“But water also defines quite well our problems in moving from a world of apparently plentiful resources – a world in which if we screw up we can move on – to a world of finite resources, where we have to manage carefully to get by. We still often see water as an essentially free and unlimited resource. But it isn’t. The public policy response to water shortages is still to build a new dam or sink a new well, with little regard for the thought that there may be no more water in the river to be captured, or underground to be pumped. Apart from the air we breathe, water is the most basic, most urgent, need that we all have. We can survive for a while without food, but not without water. We can survive forever without oil – but not without water. Water has no substitute.”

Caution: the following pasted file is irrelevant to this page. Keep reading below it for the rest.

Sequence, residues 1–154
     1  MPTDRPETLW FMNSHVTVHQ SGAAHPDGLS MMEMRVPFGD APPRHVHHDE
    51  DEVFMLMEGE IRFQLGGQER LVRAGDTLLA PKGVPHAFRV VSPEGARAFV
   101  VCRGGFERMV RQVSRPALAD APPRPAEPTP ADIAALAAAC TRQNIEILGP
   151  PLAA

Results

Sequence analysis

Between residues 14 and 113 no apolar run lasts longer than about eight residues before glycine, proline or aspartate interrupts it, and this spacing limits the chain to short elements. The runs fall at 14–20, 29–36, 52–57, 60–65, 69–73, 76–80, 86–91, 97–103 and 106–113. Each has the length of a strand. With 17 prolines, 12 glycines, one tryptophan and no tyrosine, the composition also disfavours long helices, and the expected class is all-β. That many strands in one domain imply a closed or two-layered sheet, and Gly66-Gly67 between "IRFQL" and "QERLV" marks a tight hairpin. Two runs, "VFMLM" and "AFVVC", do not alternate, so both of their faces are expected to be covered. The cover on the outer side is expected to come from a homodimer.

But Pearce knows more fundamental rethinking will be necessary to keep our species going. “The worst twentieth-century crime of urban planners was to design cities around cars.” We have to transform cityscapes “to make the car … irrelevant,” he writes. “We simply have to give up flying as much as possible.” He thinks the dangers of nuclear power have been “overblown,” and admits coal may be necessary to tide us over, if we can effectively bury its emissions.